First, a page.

Alarm as US Bases in Iraq Face Growing Threat of Drone Attacks

Drones fly too low to be picked up by defensive systems

US troops involved in the occupation of Iraq have faced any number of problems throughout the 18 years of war. The latest focus of officials is a tactic that didn’t even exist when the war began – drone attacks.

While rockets were a growing problem against US bases in recent years, the drones are a bigger problem, because while the US military and CIA cheerfully use drones in a number of countries, they don’t have a great system of defense for when they’re used against them. Officials note in particular that the defenses can’t detect the drones properly because they fly too low.

As with every other threat they’ve faced in Iraq though, the US is seeking to blame Iran, and attributing the drone attacks to “Iran-backed militias.” In US parlance this really just means Shi’ite militias, and with Iran ordering its allies to not attack the US forces, not wanting tensions to rise at a time when saving the nuclear deal is being negotiated.

The US has not only acknowledged Iran’s position on this, but has consistently blamed Iran for anything any Shi’ite militia has done in the region. The factions in question are at best tentatively linked to Iran, and the militias have been very public in that their ceasefire and resumption of attacks were both related to US troop talks. They stopped attacks to try to facilitate Iraq’s government negotiating a US pullout date, and resumed the attacks by saying they didn’t feel the negotiations were taking the issue seriously.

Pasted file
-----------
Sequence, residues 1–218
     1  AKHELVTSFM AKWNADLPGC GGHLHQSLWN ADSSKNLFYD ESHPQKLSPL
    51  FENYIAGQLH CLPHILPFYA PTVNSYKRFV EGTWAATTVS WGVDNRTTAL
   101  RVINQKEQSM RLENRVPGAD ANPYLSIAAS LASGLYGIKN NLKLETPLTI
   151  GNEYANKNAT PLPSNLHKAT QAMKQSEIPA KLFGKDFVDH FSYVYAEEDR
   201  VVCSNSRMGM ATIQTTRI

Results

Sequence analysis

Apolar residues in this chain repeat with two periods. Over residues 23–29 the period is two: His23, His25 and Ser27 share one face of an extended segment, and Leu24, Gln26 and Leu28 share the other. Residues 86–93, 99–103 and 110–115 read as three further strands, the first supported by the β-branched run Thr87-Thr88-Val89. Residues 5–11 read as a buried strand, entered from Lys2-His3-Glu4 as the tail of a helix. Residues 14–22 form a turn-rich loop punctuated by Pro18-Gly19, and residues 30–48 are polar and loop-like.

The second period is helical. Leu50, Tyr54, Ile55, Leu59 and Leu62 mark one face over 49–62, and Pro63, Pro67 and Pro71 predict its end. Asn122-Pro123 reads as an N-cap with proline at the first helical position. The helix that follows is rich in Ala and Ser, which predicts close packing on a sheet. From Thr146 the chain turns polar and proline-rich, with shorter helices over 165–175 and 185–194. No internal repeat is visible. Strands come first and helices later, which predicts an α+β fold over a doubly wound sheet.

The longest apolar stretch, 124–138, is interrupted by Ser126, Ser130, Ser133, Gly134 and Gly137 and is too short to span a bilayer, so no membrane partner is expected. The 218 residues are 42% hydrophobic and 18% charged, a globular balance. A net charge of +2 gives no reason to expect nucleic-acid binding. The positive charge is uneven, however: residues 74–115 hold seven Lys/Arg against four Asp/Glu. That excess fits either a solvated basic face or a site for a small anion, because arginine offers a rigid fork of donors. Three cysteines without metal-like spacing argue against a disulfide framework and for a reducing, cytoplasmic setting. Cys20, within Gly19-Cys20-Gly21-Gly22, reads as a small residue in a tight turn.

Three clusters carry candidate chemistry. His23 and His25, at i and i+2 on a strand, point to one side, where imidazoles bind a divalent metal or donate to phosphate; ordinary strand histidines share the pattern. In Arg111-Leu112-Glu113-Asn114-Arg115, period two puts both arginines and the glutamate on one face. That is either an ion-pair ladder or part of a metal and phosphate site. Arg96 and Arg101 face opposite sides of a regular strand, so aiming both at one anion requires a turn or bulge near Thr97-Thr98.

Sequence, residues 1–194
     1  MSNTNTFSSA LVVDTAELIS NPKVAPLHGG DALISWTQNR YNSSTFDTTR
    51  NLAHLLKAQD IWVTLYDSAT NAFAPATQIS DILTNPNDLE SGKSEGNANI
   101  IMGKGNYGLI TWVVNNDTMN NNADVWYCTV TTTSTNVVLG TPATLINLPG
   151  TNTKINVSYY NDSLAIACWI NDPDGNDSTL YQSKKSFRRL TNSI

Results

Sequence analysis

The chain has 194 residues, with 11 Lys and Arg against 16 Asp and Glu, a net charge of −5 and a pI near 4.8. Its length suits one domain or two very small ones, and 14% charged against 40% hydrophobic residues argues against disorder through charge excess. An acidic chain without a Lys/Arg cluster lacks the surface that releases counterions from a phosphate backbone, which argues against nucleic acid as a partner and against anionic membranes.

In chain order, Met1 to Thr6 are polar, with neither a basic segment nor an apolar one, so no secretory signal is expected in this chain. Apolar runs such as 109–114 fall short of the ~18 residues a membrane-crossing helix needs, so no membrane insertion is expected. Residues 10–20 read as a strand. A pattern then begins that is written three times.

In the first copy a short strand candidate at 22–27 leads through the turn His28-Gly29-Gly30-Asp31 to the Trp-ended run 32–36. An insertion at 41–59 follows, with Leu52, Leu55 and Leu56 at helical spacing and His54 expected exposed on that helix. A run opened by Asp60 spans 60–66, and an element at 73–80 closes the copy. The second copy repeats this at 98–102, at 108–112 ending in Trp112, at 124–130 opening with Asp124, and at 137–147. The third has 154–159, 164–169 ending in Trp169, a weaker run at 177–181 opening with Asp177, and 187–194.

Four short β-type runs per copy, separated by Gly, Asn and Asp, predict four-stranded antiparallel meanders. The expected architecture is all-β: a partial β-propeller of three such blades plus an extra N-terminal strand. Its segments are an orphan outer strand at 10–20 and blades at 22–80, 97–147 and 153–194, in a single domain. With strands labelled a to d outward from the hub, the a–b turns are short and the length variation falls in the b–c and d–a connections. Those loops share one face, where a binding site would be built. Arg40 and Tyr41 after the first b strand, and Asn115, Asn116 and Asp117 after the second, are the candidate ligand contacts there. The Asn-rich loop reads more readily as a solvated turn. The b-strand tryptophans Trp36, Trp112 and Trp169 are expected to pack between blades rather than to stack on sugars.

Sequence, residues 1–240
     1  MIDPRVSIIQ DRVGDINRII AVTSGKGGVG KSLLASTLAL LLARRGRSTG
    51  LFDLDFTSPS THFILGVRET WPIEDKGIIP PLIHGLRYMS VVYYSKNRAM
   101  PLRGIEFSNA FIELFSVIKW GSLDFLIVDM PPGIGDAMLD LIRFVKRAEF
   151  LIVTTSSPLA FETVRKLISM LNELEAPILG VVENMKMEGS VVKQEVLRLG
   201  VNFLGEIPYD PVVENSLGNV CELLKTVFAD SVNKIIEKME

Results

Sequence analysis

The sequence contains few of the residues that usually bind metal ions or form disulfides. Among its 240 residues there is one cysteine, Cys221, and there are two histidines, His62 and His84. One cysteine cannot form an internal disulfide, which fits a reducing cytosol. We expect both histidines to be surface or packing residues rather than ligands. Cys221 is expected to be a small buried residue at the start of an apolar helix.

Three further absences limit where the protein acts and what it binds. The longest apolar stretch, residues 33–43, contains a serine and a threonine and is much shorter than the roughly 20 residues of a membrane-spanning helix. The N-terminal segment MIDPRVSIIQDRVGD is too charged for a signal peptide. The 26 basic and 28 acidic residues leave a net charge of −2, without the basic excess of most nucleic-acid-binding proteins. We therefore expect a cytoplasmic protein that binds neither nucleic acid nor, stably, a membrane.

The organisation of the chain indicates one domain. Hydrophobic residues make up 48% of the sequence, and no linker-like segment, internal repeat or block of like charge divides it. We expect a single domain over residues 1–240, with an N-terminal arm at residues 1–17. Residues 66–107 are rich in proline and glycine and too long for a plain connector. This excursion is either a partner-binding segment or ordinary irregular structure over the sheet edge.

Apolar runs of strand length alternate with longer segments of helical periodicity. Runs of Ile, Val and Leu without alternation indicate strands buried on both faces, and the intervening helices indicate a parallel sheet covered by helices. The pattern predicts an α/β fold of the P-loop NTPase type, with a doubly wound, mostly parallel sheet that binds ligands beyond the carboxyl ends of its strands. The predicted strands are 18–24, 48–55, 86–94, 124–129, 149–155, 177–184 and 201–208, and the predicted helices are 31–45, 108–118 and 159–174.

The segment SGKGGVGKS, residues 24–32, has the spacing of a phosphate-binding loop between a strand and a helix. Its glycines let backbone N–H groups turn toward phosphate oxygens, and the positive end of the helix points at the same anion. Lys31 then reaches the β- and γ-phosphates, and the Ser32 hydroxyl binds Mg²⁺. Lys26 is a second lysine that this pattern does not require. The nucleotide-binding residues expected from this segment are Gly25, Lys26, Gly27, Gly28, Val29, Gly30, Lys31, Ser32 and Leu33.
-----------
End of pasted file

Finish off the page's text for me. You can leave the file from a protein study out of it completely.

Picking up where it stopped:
The US has been well aware that they were ill-equipped to defend against drone attacks, and the Pentagon used that as an argument for more funding even as US drone attacks around the world were ensuring that nations and private groups would be investing heavily in the tactic.

Author: Jason Ditz

Jason Ditz is Senior Editor for He has 20 years of experience in foreign policy research and his work has appeared in The American Conservative, Responsible Statecraft, Forbes, Toronto Star, Minneapolis Star-Tribune, Providence Journal, Washington Times, and the Detroit Free Press.